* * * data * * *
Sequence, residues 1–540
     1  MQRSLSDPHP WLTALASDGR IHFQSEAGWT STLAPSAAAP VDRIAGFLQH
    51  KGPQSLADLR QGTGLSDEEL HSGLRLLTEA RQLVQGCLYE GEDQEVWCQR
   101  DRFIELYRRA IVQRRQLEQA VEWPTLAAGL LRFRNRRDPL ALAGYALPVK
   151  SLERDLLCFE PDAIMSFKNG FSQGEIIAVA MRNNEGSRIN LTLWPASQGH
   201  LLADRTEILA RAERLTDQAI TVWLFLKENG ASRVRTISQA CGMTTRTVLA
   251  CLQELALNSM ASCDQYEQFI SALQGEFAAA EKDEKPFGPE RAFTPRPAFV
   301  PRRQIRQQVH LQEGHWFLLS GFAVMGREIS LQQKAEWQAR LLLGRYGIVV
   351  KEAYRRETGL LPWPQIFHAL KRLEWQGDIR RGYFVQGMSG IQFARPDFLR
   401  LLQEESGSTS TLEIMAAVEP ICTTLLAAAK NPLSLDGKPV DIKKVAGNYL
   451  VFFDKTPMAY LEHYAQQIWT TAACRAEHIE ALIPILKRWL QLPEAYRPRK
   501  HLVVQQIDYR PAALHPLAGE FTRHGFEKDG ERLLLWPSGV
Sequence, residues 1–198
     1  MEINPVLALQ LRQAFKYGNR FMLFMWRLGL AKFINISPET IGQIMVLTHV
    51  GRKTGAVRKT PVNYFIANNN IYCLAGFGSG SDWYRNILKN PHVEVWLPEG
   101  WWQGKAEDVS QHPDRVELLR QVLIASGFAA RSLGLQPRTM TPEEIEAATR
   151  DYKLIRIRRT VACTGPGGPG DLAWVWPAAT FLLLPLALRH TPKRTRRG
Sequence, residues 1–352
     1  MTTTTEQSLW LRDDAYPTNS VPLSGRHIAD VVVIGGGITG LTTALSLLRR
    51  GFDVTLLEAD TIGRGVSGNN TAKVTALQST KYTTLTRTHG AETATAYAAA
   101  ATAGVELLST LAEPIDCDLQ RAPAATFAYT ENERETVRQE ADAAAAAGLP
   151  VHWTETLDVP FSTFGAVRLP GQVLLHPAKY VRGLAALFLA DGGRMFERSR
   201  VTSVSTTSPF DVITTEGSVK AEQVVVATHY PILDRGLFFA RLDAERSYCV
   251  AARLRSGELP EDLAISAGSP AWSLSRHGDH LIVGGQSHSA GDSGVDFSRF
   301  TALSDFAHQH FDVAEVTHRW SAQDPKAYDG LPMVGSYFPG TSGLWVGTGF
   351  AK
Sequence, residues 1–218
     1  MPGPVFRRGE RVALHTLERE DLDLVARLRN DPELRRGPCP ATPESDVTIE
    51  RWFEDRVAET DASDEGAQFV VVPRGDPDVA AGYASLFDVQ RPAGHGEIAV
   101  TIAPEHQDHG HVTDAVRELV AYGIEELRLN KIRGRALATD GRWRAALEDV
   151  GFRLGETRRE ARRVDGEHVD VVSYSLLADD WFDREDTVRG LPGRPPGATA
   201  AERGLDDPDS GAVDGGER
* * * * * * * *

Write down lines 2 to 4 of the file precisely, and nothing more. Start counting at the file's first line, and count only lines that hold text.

     1  MQRSLSDPHP WLTALASDGR IHFQSEAGWT STLAPSAAAP VDRIAGFLQH
    51  KGPQSLADLR QGTGLSDEEL HSGLRLLTEA RQLVQGCLYE GEDQEVWCQR
   101  DRFIELYRRA IVQRRQLEQA VEWPTLAAGL LRFRNRRDPL ALAGYALPVK